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Columns

Column: Life Inside a Predatory For-Profit College

Friday, July 25, 2014

It happened the same way that anyone falls in love: the slow build of excitement, the sheer anticipation of each day propelling you forward, the blind haze of overwhelming joy clouding all reason and logic. I developed a passion for teaching at a for-profit school in Southern California, and it was exhilarating. My students were inquisitive, thoughtful, and eager to share their ideas. Many were first-generation Americans, and many more …

Column: How to Save Gaza: Cooperate With Abbas

Friday, July 25, 2014

After two weeks of protests and denunciations, it’s time to acknowledge that outrage won’t end the war in Gaza. The most plausible way to stop this cycle of violence is through internationally supervised demilitarization. Amid so much death and destruction, that may seem utterly hopeless. But in fact, many of the tools we …

Column: Don’t Imprison Heroin Mothers and Babies

Thursday, July 24, 2014

I’m told the first months of my life were torture. I screamed constantly, spat out milk, and vomited all the time. I was going through withdrawal. I was a heroin baby. My mother began using drugs as a teen. By the time I was born, she’d done several stints in prison. She even gave birth to me in prison, where I lived for …

About Cutting Corporate Taxes

Monday, July 21, 2014

Last week I testified in front of the Joint Economic Committee on the topic of assessing the recovery after five years. As you can imagine, congressional testimony can be pretty frustrating these days for members of the fact-based community, but I thought this one covered a lot of …

Column: Reading in the Age of the Internet Is a Challenge

Sunday, July 20, 2014

Several recent articles appearing online have pointed to a couple of burning questions about book reading in this overstuffed era: Why do people buy books they have no intention of reading? And, how can one ever find the …

Column: They Fought for a King and a Cause They Did Not Know

Sunday, July 20, 2014

This month marks the 100th anniversary of the start of World War I. Alongside the many interesting new views of the war that historiography and hindsight have made available a hundred years on, there’s also a new awareness …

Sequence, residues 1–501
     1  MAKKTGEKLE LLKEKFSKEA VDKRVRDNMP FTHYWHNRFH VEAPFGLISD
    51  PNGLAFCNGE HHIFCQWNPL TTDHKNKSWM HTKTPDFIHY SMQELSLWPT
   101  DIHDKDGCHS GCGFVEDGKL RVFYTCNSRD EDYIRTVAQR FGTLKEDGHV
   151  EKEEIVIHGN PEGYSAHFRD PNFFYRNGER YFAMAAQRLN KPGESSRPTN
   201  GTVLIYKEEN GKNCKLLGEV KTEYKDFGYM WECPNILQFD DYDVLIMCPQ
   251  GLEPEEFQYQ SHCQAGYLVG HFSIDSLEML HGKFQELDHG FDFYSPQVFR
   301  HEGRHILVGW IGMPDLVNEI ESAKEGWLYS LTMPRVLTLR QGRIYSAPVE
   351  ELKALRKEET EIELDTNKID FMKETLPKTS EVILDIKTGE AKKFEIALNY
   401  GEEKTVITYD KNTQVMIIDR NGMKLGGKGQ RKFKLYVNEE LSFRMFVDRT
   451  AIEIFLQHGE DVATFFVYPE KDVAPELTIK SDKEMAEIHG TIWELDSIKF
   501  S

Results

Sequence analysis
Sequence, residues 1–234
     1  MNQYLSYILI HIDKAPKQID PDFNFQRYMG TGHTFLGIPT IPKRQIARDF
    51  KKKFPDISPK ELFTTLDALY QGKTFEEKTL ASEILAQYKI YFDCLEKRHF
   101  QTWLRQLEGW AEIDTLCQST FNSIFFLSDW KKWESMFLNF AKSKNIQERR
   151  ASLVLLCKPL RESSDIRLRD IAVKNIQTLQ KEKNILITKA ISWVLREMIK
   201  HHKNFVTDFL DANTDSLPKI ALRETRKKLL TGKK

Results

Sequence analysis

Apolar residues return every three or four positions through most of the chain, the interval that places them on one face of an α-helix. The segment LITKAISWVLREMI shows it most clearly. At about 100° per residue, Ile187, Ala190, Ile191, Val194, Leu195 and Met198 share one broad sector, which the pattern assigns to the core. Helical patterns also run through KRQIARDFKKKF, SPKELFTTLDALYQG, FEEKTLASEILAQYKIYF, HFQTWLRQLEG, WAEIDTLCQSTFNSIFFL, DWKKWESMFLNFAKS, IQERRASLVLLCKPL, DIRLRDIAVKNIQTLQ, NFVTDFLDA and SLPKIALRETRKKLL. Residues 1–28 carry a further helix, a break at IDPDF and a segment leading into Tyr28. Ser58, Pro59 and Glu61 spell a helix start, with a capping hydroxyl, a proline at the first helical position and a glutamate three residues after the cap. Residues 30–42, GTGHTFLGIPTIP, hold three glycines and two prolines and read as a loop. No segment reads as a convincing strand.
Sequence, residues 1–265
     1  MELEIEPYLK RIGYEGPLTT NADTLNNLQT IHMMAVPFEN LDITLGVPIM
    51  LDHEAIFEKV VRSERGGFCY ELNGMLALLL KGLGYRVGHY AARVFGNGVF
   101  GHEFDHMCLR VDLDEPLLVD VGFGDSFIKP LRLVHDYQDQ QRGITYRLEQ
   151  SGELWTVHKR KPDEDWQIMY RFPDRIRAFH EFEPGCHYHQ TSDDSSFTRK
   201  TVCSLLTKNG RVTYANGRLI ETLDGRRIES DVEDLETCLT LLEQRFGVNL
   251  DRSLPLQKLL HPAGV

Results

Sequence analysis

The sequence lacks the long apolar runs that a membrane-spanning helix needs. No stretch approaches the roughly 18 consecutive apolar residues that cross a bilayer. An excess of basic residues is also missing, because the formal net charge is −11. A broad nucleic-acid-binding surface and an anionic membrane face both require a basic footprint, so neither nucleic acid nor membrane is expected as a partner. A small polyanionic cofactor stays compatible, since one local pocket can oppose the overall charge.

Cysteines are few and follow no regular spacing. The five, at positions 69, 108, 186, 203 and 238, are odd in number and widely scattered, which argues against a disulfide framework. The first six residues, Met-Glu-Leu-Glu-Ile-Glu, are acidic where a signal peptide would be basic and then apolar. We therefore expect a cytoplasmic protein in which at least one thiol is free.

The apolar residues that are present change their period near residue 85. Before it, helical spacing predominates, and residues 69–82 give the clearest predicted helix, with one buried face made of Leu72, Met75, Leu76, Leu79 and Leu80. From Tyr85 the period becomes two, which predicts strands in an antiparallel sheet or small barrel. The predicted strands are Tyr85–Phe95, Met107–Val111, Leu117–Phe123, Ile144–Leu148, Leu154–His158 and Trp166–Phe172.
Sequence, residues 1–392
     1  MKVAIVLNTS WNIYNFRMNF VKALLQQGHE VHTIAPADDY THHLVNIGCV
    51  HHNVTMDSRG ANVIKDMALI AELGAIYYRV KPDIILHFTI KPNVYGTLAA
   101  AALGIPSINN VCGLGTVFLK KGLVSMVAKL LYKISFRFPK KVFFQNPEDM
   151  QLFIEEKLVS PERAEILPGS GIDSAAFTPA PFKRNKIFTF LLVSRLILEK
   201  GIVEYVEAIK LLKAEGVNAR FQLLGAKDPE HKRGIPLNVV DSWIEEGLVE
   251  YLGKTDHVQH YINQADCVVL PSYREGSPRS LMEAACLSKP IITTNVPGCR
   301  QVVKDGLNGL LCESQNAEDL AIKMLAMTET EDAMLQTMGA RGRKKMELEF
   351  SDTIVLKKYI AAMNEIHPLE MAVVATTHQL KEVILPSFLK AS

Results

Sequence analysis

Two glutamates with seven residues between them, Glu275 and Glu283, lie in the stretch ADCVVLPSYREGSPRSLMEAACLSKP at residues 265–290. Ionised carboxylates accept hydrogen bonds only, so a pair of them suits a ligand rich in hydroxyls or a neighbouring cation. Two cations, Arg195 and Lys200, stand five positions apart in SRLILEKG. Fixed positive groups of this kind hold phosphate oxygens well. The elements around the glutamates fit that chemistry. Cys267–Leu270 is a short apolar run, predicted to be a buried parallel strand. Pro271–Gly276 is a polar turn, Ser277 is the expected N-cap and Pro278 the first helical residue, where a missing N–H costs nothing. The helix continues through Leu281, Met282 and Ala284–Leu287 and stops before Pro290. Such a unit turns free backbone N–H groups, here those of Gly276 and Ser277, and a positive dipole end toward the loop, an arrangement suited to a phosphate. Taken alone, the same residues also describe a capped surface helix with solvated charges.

Randall Balmer: Remembering Freedom Summer

Sunday, July 20, 2014

In 1987 I happened to be in Jackson the day the Mississippi Legislature finally passed a bill authorizing a state holiday to recognize Martin Luther King Jr. The Legislature decided, in its infinite wisdom, that the day would …

Steve Nelson: Co-op May Need To Add a Review Process

Sunday, July 20, 2014

A great deal of attention has been given the Co-op Food Stores brouhaha. I can’t recall a local issue that inspired more comment during my 23 full and part-time years in the Upper Valley (all of them as a Co-op member). The turmoil arose as a result of …

Column: We Deserve to Know Why the Co-op Fired Us

Saturday, July 19, 2014

Hanover Co-op General Manager Terry Appleby wrote a recent op-ed article for the Valley News in which he described the many attributes of the Hanover Co-op, including the Co-op’s purported support for employee rights to seek to form a union and to offer constructive criticism to management. However, …

Column: Morality in the Middle East

Saturday, July 19, 2014

Israel accepts an Egyptian-proposed Gaza cease-fire; Hamas keeps firing. Hamas deliberately aims rockets at civilians; Israel painstakingly tries to avoid them, actually telephoning civilians in the area and dropping warning charges, so-called roof knocking. “Here’s the difference between …

Column: End VA Corruption and Pentagon Waste

Friday, July 18, 2014

  The ongoing Department of Veterans Affairs scandal raises an important question: When our veterans are being denied access to basic health care, why is the Pentagon squandering billions of dollars on programs that do not benefit our …

Column: End VA Corruption and Pentagon Waste

Friday, July 18, 2014

A high-level official of the Internal Revenue Service declares her innocence before a congressional committee and then asserts the Fifth Amendment right that she had effectively just waived. Incriminating emails have surfaced, while others are declared lost. An arrogant IRS commissioner declares that none of this amounts to …

Editorial: No Relief on the Debt

Friday, July 18, 2014

Washington has taken an indefinite break from the budget debate that marked the early part of this decade. No one’s expecting a grand bargain any time soon. Nor a small bargain, nor even serious incremental reform. Deficits have come down from their historic highs during the Great Recession …